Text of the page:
Guns in Oklahoma Bankruptcy are yours to keep but you have to disclose them to claim the exemption. When we prepare a client’s bankruptcy paperwork, we ask them about their assets, the things they own. This includes checking and savings accounts, retirement funds and other personal property. Many clients get nervous when we ask them to list what firearms they own because they assume the court will take their guns in Oklahoma bankruptcy. Fortunately, this is not the case.
The law in Oklahoma provides for “exemptions” for different kinds of property that allow debtors to keep the property despite filing bankruptcy. This list of exempt property includes many more things then what people expect. According to 31 OS § 1(A)(14), any debtor may keep up to $2,000 worth of guns in Oklahoma Bankruptcy, provided those guns are for personal or family use, such as for hunting or self-defense.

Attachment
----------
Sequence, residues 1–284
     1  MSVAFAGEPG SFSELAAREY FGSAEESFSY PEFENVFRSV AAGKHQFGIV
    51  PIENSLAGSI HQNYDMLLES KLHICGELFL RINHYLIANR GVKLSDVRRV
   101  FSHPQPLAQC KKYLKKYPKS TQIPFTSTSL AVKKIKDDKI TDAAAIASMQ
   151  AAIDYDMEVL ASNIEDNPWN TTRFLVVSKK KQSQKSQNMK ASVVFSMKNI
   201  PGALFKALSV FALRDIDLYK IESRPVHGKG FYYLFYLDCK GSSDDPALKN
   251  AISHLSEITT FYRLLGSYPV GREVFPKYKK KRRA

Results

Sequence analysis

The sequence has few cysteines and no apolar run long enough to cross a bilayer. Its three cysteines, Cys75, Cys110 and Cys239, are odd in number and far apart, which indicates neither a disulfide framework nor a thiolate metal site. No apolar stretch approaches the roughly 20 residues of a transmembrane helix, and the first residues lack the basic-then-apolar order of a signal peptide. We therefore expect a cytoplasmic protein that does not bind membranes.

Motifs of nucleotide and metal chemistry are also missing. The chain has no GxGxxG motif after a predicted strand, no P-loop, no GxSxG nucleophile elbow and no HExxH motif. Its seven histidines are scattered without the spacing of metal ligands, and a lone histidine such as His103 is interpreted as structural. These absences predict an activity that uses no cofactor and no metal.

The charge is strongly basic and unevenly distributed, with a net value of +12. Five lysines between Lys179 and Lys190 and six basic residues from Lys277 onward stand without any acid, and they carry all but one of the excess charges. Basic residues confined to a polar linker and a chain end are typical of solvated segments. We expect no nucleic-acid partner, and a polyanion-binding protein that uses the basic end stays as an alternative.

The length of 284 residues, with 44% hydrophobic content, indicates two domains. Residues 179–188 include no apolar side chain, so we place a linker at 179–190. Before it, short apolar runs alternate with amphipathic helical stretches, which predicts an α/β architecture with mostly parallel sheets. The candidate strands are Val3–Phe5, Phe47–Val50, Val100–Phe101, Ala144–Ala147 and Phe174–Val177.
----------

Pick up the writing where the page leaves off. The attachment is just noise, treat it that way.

The vast majority of guns fall under this rule. The only exceptions would be guns kept as an investment or a collection of valuable antique firearms. We frequently have clients exempt and keep handguns, shotguns, and rifles, sometimes a few of each. So long as the total value of the guns kept is less than $2,000, all of them are off limits from the bankruptcy. And even if a client had a larger stockpile of weapons, they would still be entitled to keep up to that $2,000 value.
Chapter 7 or Chapter 13 Bankruptcy:
The exemptions for guns in Oklahoma bankruptcy is the same regardless of the case being a chapter 13 or chapter 7. Regardless of the exemption it applies to both types of cases. The truth of the matter is that Oklahoma bankruptcy law utilizes our states exemptions. The Oklahoma exemptions include things beyond whats exempt in many other states.
Oklahoma Bankruptcy Help:
If you live in Oklahoma and you’re considering filing a case we can help you. Bankruptcy allows you to get debt forgiveness and begin to rebuild your financial life. You don’t have to live with the pressure that comes from garnishments, repossessions and most other debt. Get a free bankruptcy consultation by calling 918-743-2233 or filing out a form.